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The University of Massachusetts Amherst

City Nature Challenge: Western Mass

Information and resources on Western Mass participation in the international City Nature Challenge community and citizen science ecology event.

In Your Own Home Or Backyard

You can find wildlife in the comfort and safety of your own home or backyard!

  • Keep an eye out for ladybugs in your house, this is the perfect time of year for them.  
    • Other housemates include spiders, daddy long legs (not spiders but actually harvestmen or crane flies), house centipedes, and more.
  • Leave your porch light on and see what bugs you attract.  Turn it off when you go to bed to help them stay healthy.
  • Put out the bird feeder you've been meaning to hang.  
  • A rotting log or even piece of wood you place in your backyard can shelter dozens of species of creepy crawlies.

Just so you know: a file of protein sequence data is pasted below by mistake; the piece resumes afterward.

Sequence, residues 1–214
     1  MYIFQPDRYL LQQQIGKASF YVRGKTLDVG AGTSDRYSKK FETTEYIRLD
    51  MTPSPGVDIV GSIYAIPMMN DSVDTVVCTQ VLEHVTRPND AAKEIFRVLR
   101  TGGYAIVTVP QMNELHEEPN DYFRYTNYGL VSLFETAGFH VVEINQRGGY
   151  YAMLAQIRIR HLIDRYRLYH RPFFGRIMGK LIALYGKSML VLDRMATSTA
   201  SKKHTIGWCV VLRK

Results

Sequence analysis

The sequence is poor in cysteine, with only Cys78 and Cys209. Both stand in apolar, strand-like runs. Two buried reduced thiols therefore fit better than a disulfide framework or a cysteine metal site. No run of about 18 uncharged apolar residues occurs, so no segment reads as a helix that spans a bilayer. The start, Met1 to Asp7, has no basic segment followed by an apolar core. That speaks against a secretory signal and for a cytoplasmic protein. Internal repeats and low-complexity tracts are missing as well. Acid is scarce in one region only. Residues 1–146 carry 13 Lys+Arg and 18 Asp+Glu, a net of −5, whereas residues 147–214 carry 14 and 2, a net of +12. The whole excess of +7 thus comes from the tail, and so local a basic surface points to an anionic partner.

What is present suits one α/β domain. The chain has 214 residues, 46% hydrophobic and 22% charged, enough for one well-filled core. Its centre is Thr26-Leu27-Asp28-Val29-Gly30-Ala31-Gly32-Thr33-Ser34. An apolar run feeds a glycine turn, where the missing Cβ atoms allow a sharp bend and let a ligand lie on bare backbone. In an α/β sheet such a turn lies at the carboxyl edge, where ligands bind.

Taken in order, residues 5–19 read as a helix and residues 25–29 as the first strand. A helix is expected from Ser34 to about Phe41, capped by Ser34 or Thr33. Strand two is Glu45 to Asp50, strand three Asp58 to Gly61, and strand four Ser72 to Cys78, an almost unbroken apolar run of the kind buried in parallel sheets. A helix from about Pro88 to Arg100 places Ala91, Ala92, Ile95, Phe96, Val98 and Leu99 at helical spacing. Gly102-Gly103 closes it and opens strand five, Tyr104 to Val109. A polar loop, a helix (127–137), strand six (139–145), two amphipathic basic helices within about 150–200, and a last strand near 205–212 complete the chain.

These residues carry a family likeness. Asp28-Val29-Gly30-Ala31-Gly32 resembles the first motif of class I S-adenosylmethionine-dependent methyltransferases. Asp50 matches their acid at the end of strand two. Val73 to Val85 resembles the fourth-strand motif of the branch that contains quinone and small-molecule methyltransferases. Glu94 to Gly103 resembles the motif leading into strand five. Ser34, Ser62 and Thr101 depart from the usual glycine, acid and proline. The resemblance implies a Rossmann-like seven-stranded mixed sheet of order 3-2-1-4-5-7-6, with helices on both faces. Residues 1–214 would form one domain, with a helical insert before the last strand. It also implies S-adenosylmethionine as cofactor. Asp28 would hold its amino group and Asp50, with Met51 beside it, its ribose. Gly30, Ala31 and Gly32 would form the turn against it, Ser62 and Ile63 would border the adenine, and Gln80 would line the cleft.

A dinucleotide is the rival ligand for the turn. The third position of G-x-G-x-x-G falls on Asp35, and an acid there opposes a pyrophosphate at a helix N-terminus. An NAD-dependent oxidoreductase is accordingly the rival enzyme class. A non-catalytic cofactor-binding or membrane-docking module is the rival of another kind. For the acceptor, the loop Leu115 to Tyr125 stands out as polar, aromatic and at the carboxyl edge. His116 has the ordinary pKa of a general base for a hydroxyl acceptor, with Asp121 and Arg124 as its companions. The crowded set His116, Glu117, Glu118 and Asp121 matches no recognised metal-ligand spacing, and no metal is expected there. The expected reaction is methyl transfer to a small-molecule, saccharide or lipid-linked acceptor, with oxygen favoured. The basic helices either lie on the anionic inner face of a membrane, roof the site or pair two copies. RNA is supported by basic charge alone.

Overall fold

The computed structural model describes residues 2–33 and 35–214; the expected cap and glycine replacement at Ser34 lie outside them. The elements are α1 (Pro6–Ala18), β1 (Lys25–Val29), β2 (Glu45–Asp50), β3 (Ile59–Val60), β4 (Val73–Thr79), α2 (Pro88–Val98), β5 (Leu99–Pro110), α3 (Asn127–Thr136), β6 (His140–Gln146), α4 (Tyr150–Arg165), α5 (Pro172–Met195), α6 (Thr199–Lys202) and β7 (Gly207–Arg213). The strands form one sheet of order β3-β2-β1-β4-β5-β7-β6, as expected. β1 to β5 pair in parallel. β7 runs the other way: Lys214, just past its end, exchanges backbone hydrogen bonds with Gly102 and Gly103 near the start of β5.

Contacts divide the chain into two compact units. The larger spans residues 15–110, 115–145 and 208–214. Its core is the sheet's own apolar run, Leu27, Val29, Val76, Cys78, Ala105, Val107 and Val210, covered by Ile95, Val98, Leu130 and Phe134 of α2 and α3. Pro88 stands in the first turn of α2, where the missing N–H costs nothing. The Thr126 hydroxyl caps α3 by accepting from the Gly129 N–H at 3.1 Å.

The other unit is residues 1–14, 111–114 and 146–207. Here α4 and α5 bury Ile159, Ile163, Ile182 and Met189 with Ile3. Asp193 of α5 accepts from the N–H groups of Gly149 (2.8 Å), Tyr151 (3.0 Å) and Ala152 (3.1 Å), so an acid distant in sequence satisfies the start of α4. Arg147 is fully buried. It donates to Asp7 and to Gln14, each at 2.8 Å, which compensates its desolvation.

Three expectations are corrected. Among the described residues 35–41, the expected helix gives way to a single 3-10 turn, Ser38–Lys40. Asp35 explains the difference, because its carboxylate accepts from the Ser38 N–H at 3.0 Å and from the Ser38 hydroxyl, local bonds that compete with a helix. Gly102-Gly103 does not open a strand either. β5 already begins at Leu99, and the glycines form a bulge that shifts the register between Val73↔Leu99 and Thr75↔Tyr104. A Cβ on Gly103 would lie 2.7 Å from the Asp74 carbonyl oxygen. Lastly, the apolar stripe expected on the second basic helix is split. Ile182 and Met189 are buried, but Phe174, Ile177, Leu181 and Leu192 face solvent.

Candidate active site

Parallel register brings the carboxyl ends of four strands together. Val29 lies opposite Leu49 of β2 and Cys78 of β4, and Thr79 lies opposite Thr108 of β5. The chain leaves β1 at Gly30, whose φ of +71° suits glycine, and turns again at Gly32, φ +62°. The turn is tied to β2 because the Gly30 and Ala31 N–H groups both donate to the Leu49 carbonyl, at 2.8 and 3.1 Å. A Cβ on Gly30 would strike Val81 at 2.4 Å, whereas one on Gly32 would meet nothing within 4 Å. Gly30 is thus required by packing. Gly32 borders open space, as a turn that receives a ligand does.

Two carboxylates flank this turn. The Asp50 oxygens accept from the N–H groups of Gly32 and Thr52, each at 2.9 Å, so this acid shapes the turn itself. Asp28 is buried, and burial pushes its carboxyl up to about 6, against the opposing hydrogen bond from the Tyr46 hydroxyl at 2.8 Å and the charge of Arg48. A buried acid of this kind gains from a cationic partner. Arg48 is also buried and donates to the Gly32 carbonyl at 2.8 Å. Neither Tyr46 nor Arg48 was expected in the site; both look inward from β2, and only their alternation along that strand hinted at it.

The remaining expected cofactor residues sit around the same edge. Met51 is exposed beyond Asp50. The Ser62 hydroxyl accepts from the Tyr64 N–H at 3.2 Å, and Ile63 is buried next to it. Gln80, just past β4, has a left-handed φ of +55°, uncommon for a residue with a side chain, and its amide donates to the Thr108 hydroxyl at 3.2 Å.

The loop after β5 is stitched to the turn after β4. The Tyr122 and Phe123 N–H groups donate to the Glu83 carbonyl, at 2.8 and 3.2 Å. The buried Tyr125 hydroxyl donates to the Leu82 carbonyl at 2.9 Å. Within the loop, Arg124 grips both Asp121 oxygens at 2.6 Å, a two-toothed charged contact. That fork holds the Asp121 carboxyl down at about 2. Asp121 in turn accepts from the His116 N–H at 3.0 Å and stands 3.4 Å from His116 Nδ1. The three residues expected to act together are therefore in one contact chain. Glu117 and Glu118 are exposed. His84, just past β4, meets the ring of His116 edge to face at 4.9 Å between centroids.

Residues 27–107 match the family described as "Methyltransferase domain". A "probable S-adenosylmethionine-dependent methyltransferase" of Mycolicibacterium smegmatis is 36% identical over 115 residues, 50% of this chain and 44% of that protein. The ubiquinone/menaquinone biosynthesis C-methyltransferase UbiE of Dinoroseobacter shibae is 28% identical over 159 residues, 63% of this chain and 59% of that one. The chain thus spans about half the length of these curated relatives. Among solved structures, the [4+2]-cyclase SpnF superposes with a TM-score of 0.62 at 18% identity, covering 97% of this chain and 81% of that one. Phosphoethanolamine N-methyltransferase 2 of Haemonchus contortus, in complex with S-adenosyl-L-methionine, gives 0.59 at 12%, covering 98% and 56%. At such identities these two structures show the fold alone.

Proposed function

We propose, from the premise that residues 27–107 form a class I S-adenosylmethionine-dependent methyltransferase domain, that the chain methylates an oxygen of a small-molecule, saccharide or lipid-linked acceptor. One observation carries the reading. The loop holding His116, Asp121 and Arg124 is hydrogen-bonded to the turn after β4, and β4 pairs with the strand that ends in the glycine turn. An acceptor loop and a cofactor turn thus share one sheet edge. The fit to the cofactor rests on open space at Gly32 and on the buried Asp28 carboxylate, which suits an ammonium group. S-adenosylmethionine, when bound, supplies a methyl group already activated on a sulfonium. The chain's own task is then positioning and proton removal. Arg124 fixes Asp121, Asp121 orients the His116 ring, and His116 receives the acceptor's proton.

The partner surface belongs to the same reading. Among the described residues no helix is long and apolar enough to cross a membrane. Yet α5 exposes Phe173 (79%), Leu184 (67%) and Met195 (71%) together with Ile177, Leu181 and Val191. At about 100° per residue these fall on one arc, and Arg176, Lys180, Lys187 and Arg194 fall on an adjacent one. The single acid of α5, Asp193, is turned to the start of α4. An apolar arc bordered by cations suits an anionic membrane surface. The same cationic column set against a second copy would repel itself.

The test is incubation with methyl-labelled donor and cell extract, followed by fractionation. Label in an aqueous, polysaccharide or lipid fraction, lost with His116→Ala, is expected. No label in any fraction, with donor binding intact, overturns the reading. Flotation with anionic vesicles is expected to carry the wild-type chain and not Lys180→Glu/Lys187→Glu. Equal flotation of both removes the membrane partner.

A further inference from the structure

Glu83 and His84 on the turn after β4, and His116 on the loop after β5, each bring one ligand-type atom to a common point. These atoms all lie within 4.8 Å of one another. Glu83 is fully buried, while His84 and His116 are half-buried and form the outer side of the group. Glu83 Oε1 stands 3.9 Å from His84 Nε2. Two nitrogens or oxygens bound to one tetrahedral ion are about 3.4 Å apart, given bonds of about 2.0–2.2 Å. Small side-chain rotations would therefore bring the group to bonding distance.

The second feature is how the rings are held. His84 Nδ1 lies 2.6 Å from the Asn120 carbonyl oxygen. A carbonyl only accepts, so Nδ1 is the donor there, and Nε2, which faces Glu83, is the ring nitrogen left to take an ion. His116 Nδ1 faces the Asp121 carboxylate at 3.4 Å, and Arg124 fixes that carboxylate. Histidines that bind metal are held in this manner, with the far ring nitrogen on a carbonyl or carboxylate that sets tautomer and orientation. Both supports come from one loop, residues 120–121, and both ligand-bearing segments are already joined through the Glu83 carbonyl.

• Do you have weeds in your yard?  Maybe dandelions or crabgrass that you certainly didn't plant...

All Around Us!

Wildlife is all around us, even in the most urban landscape, from bugs to birds to weeds growing up through cracks in the sidewalk.  It is a little challenging to tell what's wild and what was planted in a city or on campuses.  Some tips: 

 - Avoid landscaped flower beds and manicured trees and bushes. 

 - Greenhouses are not found in the wild! 

 - Birds that visit your bird feeder are still wild, and the weeds you didn't plant in your lawn are fair game!



If you want to be surrounded by wildlife, check out the map below of Open Spaces - lands managed by the Massachusetts Department of Conservation and Recreation, MassAudubon, The Trustees of Reservations, or land trusts. 

black dot icon   The black dots indicate parking areas.  Click on them to get latitude and longitude to enter into your GPS (Point X and Y). 

green shape icon   The green shapes indicate the area of protected land: trails may not be available throughout the entire space.  Use the name of the area to look up the official website to confirm when they are open and more information.